Sanctions teams are under pressure to modify operating at a breakneck speed in a constant daily drumbeat. Two years’ worth of sanctions listings were issued in a six-week period this year and customer alert screening activity is up 400%.
Though the political will to align exists, governments are taking divergent approaches to implementing sanctions policy. Even straight forward activity-based sanctions like defence and military goods and technology have differed. For example, the US targeted Russian and Belarus aerospace and maritime exports while the UK restricted the same to anyone “connected with” Russia and the EU restricted brokering or ‘other services’ and financing or financial assistance.
With varying legal frameworks, complete alignment is an impossibility and with so many minor differences either in the prohibitions or the listings and with differing time frameworks, even a broad policy alignment is likely to fall short.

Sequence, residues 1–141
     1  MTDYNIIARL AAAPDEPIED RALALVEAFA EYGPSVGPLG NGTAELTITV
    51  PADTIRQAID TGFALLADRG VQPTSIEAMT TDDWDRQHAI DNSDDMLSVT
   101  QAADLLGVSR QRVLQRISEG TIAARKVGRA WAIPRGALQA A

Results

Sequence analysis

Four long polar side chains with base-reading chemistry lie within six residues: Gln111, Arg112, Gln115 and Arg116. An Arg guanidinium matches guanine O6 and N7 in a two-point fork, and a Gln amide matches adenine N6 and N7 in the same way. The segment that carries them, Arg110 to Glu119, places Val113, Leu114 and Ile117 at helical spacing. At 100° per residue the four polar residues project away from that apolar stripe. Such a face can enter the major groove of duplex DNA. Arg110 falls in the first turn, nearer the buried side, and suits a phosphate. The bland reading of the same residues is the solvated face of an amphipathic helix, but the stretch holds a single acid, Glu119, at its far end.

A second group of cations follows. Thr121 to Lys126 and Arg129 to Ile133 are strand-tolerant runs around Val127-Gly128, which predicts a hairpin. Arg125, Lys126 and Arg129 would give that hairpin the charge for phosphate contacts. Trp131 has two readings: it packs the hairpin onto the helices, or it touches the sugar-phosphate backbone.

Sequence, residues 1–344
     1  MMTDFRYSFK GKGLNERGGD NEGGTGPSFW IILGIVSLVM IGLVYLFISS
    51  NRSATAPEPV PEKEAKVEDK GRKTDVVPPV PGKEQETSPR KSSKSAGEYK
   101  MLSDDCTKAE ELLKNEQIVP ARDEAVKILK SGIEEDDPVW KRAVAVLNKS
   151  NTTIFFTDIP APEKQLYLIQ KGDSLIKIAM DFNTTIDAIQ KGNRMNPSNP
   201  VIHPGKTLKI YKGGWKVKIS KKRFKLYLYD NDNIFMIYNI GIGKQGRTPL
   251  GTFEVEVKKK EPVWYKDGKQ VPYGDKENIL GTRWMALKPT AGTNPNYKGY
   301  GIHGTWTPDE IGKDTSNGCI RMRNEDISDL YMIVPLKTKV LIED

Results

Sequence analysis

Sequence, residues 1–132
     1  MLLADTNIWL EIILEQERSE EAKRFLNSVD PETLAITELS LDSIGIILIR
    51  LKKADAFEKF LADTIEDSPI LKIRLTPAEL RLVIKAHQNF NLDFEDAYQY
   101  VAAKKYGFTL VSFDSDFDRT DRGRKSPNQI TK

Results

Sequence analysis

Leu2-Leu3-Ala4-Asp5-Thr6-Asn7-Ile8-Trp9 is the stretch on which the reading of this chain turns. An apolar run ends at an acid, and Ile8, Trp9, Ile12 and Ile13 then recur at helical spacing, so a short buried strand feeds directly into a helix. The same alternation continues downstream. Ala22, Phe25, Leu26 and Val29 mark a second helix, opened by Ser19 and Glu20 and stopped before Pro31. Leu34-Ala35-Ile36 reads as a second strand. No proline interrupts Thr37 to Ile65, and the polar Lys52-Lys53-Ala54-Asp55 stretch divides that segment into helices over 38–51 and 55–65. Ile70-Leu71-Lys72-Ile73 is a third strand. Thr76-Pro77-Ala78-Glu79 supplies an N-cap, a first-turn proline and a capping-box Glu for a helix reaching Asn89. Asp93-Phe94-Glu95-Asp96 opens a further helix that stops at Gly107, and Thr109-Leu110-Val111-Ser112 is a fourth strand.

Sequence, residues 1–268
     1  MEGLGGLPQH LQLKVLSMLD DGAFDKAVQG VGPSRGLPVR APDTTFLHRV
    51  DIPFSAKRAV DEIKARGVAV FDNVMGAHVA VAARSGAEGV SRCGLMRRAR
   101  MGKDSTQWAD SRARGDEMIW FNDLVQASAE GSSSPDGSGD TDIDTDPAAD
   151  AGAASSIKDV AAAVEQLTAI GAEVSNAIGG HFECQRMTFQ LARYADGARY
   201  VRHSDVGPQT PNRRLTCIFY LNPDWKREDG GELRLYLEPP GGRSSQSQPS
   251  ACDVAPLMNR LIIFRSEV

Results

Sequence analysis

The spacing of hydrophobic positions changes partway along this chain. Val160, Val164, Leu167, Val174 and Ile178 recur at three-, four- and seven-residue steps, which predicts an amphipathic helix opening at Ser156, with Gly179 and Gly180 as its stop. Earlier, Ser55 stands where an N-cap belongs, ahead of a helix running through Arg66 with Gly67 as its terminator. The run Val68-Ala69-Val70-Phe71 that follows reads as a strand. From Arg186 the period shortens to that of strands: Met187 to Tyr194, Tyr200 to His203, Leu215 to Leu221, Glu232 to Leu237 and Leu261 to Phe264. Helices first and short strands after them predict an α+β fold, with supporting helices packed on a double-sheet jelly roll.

Top 10 Sanctions RegTech building blocks
Our panellists noted that the problems with Sanctions are not new. The volumes are new, the size of the target is new and the will for political alignment also appears to be new.
Now is the right time to step back and look at the right way to deploy sanctions and RegTech will play a key enabling role.
So what building blocks are we likely to hear about in our seminar?
- Public/ Private operations. Listing, prohibitions and timings differ today. This can mean that sanctioned individuals get tipped off and accounts are empty when a list is published. Is a common ‘run book’ on the cards?